Jeremy Evans sits as deep as he can in his chair and hunches over so he can talk to the children on each side of him.
Still, since Evans is 6-foot-9, his head pops up over all the kids at the table. No matter. He and the kids are having a great time.
This particular Tuesday afternoon is a day off for the 26-year-old Evans, a break from his regular job as a Utah Jazz power forward. On this day, Evans is enjoying his other love: art.
“I’ve been drawing since I was younger than these kids,” Evans said Tuesday, while sitting in the Art Access studio in Salt Lake City surrounded by children from The Road Home, the homeless shelter about a block away.
The project on which Evans and these kids are collaborating is a community mural, organized by Art Access and sponsored by the Jazz and AT&T. (AT&T, as part of its Assisting the Community program, will be presenting Art Access with a $10,000 check at a Jazz game April 8.)
The kids each got to decorate a 6-inch-square tile, on which they drew an outline of their hand and then painted that outline with ceramic glaze — using the unbent end of a paper clip to spread the color.
Evans joins in with the kids on this part of the exercise, with one difference: While the kids’ handprints fit neatly on the tile, Evans’ outline has his fingers and only an inch of his palm.
The handprints represent the mural’s theme that “it takes all hands to build a community,” said Sheryl Gillilan, executive director of Art Access. “You have to get everybody in the community involved.”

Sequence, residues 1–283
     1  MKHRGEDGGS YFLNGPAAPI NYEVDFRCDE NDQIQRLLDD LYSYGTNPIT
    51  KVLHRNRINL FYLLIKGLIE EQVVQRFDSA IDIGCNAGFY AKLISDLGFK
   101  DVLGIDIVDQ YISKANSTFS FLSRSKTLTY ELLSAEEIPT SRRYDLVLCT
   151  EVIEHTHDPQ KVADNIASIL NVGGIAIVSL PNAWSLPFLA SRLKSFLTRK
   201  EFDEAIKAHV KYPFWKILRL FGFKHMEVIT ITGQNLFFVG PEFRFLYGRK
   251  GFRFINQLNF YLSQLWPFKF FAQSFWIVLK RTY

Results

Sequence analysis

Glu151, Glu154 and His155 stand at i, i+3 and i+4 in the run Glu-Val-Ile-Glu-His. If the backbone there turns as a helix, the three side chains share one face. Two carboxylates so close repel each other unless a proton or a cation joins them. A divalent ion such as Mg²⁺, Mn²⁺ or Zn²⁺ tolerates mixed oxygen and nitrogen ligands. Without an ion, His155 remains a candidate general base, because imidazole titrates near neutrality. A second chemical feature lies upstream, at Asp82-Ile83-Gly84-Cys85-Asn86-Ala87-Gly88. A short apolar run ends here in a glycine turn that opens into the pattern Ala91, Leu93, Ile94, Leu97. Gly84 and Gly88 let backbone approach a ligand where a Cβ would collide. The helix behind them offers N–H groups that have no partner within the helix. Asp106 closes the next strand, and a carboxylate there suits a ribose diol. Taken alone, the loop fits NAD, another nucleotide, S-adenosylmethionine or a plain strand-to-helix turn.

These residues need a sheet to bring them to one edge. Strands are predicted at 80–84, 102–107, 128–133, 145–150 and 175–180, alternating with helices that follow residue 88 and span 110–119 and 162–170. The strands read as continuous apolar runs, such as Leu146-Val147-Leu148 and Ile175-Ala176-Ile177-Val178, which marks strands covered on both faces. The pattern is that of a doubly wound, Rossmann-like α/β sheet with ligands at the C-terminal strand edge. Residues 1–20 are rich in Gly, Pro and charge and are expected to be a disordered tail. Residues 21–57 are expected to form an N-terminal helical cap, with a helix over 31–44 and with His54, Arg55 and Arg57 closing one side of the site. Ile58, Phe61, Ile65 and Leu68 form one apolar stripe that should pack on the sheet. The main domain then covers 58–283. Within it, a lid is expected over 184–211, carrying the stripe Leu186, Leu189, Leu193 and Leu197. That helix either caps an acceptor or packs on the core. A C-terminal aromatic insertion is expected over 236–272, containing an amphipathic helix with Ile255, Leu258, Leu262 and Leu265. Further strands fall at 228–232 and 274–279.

Gillilan said the Jazz approached Art Access about creating some sort of community art project — and they quickly settled on making a mural, “something outside, so everybody could enjoy it.”
The finished mural, which will incorporate 240 tiles and measure 12 feet long and 5 feet tall, is set to be installed later this spring on a wall at the Artspace Bridges Project, next door to Art Access.
Art Access and the Jazz’s home court, at EnergySolutions Arena, are about two blocks apart. Between them are The Gateway shopping center and The Road Home.
“This part of town is sometimes referred to as ‘that area of town,’ ” Gillilan said, adding that she hopes the mural — and the involvement of children from The Road Home — will help brush aside such stigma.
Peter Bland, director of corporate partnerships for the Jazz, said the team sponsored a tree planting last year — and this year wanted to find a project that would involve children and the arts. Bringing in Evans was a natural fit.
For Evans, art “gets you away from everything,” he said. “You can just express yourself.” He works in different media, from acrylic paints to pottery.
The kids are as eager to hug Evans as they are to paint a tile. He sits at the table, chatting easily with the children as they finish their tiles and work on the project’s second phase: to draw on paper a picture of something growing.
While Evans sketches an elaborate rose on some tiles, he talks to one little girl who points out that a video camera is pointed at him.
“I’m on TV? That means you’re on TV,” Evans tells the girl, who retreats into a suddenly shy, quietly giggling ball.
The kids, he said, hold nothing back in asking the basketball player questions.
“A couple of them asked me about the car I drove up in,” he said, laughing.
“You’ve got to have a lot of patience with the kids. Not a lot of people take the time to work with kids.”
On this day, though, Evans is just a slightly taller kid — experiencing the joy children find in making art, in creating something beautiful and expressive.
Sean P. Means writes The Cricket in daily blog form at www.sltrib.com/blogs/moviecricket. Follow him on Twitter @moviecricket, or on Facebook at www.facebook.com/seanpmeans. Email him at firstname.lastname@example.org.